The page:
It is then significant that it is ultimately Lawrence Hammill, with his distinctively sophisticated demeanour, is the person who is responsible for rescuing the Kerrigans from their crisis. Despite the glaring differences in their backgrounds, values and the ways in which they present themselves, the men are somehow able to form an alliance, as Hammill uses his legal knowledge, ostensibly provided to him by virtue of his privileged position in society, to aid Darryl. Indeed, the men are able to overcome their differences – best represented by their completely different use of language – to take down corporate Australia and the elitism it embodies.
The film also makes a comment on the nature of the relationship between White Australia and Australia’s Aboriginal heritage. This is most clearly represented when Darryl states ‘I’m really starting to understand how the Aborigines feel’ as he describes his anguish over the potential loss of his family home. Obviously, this is extremely insensitive, but it does capture the lack of understanding many Australians have of the history of colonisation and capitalism, which the film suggests is partly because of educational and class disparities.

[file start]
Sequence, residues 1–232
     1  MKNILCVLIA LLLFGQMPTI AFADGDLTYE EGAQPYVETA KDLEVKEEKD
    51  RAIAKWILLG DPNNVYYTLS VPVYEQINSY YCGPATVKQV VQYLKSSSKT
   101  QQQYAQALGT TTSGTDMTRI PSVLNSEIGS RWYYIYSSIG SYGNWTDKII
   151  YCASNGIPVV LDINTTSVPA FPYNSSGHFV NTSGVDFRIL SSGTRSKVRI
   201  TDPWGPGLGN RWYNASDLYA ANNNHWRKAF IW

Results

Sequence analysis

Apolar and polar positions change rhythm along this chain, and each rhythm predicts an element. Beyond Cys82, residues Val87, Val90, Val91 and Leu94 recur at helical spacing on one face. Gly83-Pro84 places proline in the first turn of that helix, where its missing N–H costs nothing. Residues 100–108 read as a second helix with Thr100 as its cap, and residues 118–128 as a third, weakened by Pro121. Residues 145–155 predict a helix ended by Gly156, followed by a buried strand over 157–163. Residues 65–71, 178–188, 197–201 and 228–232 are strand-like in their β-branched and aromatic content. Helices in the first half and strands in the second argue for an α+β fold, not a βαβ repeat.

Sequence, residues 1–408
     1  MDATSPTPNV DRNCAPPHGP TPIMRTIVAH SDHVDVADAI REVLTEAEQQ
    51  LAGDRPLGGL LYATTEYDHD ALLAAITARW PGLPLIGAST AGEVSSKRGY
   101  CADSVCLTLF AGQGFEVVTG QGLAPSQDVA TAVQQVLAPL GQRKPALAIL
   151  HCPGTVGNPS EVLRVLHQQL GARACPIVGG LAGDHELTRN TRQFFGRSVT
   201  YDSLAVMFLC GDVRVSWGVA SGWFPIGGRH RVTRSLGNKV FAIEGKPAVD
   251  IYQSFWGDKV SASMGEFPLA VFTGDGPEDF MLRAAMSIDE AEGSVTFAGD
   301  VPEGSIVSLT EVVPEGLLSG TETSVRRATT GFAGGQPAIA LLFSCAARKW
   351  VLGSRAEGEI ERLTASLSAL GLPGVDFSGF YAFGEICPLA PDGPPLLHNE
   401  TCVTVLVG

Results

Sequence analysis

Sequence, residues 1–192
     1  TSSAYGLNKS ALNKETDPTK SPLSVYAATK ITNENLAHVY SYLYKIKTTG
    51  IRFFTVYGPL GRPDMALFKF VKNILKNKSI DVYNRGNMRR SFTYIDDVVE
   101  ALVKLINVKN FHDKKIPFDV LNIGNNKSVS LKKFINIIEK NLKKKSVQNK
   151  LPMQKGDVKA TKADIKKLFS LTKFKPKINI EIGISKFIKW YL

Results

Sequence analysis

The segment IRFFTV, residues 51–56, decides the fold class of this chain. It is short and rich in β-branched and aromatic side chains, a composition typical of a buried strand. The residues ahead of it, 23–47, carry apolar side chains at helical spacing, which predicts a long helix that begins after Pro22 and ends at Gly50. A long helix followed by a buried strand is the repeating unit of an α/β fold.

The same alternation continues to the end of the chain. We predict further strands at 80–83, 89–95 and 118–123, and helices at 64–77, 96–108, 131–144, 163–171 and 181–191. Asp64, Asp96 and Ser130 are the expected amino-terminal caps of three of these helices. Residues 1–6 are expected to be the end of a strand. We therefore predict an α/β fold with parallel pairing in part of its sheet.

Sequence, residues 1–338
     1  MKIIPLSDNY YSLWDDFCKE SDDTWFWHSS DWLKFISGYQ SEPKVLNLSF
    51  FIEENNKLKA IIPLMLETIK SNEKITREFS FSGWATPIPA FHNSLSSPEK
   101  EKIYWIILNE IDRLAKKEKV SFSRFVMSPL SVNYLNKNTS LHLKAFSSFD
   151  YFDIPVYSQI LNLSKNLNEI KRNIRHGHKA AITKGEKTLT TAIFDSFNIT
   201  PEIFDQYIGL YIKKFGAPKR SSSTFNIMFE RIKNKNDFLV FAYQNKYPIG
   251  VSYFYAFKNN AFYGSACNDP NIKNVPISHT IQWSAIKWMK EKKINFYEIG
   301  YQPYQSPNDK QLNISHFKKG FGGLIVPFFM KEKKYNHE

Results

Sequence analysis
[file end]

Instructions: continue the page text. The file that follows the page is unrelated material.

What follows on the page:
The film follows the story of the Kerrigan family, led by patriarch Darryl, as they engage in a legal battle against a private company, Airlink, and the local government over the planned expansion of the airport.
Dale, the eldest son, introduces us to his family via narration. He paints a portrait of a family that is as loving as it is unique and quirky. And yet, there is a degree of comfort and family that is found in the apparent wholesomeness of the Kerrigan situation.
The positive energy and humour radiated by the Kerrigans is disrupted when the local council orders for the land their house sits on to be valued. Shortly after, the Kerrigans receive a letter from the council, saying that their house has been compulsorily acquired. Outraged and confused, Darryl visits the local council, where he discovers that it is working in partnership with the state government and a private company, Airlink, to expand the airport. Darryl seeks legal counsel from the family solicitor, Dennis Denuto.